Many thanks too to all who helped raise the money to fund the restoration of the westernmost south chancel window! It is now back with us, with help from the Norfolk Churches Trust and the Round Tower Churches Society . The next task is to repair the porch,  its roof in particular needing some attention!

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    NEW ADDITIONS TO THE WEBSITE

     

    Ryburgh and the Revd George Tatham

    George Tatham's work to restore St. Andrew's

    Little Ryburgh 17th Century Style

    A journey through Little Ryburgh following a field map of the 1680's

    Little Ryburgh Bridge

    Illustrations of Little Ryburgh's lost history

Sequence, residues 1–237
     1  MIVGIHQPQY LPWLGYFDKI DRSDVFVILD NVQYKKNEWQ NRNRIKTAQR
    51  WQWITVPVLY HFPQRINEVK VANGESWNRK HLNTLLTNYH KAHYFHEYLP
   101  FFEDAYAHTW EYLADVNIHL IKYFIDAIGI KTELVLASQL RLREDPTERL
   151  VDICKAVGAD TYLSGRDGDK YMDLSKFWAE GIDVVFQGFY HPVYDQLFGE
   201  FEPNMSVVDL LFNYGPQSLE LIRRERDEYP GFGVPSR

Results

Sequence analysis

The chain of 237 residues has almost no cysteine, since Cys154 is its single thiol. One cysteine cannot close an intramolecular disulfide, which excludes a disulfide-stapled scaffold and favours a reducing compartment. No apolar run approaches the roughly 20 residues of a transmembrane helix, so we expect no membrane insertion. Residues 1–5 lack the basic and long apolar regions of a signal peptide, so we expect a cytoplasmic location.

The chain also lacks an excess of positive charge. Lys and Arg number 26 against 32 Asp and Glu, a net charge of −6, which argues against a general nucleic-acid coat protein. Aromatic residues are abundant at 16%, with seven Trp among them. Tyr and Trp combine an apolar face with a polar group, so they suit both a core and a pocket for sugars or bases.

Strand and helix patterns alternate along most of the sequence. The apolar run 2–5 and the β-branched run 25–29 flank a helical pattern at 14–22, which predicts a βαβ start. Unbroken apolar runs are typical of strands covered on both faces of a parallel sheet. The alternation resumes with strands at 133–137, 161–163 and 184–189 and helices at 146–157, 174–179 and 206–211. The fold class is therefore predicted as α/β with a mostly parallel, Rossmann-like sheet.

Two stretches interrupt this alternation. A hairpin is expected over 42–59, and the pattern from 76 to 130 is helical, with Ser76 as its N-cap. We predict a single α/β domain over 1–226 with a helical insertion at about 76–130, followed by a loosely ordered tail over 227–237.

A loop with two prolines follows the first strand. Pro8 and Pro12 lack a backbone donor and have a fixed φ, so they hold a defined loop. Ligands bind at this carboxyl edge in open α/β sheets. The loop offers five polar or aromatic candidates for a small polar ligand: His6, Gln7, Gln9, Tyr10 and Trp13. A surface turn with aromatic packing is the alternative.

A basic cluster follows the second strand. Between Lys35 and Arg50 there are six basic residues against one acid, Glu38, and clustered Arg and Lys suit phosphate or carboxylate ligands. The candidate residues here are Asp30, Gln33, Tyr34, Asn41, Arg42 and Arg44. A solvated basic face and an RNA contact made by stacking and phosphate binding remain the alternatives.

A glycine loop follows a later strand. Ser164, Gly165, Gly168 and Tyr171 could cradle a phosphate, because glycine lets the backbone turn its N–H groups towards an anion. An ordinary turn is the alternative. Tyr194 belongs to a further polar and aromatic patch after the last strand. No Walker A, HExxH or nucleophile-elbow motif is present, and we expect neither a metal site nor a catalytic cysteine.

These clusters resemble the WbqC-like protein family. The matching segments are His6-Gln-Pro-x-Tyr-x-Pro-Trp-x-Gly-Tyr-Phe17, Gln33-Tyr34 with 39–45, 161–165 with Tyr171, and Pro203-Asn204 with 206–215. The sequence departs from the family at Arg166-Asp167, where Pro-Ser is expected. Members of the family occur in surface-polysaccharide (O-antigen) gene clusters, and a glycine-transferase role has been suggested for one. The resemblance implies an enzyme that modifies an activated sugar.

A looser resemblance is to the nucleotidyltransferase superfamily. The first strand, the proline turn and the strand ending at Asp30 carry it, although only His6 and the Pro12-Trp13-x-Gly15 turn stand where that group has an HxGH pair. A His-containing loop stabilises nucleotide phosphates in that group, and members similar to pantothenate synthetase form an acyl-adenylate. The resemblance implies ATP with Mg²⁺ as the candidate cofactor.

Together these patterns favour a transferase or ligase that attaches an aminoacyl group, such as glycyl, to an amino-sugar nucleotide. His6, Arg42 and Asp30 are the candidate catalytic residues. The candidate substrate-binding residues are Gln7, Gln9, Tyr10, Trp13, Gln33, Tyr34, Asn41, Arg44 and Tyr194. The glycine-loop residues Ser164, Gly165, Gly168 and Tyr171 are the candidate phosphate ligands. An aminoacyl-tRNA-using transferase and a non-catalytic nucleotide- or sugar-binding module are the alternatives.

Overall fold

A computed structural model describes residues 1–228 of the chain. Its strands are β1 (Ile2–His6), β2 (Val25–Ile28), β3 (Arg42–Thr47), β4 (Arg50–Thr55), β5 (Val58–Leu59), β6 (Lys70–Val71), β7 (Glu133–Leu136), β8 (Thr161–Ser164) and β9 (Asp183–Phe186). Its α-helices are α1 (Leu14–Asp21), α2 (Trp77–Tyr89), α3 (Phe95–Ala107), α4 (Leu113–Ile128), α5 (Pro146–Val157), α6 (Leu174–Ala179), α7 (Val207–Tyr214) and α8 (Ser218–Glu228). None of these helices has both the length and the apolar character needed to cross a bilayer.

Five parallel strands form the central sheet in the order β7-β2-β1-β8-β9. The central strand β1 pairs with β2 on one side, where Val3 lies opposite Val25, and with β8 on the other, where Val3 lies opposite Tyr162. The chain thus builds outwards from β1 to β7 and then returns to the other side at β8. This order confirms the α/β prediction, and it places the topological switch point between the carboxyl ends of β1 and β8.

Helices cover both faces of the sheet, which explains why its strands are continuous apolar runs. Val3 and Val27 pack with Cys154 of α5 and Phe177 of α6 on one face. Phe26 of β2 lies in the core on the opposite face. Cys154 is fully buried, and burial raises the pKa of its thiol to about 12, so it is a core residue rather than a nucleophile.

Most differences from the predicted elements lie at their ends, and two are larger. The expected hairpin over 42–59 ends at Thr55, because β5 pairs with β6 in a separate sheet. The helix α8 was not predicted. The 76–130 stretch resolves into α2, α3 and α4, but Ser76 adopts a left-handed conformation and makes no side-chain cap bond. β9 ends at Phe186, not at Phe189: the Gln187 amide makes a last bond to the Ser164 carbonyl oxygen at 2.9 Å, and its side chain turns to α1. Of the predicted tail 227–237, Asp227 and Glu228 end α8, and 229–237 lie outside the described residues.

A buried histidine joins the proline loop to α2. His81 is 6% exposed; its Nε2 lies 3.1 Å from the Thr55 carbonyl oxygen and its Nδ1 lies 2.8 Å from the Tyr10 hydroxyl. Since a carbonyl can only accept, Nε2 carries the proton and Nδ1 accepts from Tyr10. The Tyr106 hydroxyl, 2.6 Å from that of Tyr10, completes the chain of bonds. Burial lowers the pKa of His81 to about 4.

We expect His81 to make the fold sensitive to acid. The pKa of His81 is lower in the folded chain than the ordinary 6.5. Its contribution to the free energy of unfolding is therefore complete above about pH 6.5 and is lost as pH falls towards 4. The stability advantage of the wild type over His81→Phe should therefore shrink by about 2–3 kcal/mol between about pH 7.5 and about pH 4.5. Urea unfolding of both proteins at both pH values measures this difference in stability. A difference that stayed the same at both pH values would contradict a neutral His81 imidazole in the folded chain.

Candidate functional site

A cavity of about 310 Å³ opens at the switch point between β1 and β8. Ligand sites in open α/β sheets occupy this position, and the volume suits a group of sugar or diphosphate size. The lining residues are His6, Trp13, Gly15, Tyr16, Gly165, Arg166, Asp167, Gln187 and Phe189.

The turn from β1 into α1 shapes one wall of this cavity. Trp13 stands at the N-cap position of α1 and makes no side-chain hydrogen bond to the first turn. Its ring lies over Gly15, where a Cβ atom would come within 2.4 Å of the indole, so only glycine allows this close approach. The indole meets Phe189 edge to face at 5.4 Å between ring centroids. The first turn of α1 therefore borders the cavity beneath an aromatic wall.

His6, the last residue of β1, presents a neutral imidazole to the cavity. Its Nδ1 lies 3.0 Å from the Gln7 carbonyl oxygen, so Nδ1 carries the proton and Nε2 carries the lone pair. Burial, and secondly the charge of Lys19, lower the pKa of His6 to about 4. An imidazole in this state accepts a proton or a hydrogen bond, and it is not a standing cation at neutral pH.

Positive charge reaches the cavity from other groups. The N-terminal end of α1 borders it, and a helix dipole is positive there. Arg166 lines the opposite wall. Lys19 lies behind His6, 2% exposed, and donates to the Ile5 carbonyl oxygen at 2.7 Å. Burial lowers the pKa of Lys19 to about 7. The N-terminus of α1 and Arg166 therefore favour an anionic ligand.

Edmund Walter Betts

    Just in time for Remembrance, Walter Bett's medals and death plaque come to light

    Baking in Ryburgh

    Tracing the Bakehouse back to 1763

    Revd. Moris Fuller, the man behind the Ryburgh Scandal

    An investigation into this controversial priest to try and explain how village/clergy relations had broken down to such an extent that an effigy of him was burnt by some 200 villagers.  

    Ryburgh Foundry,- the early years

    Updating the history of the Foundry from the start 

    Snapshots at St. Andrew's

    Photos from the Lovett family

    The stories behind the postcards

    In addition to the pictorial record they provide, some of our postcard collection has been the stimulus for research into the histories of those that sent and received them.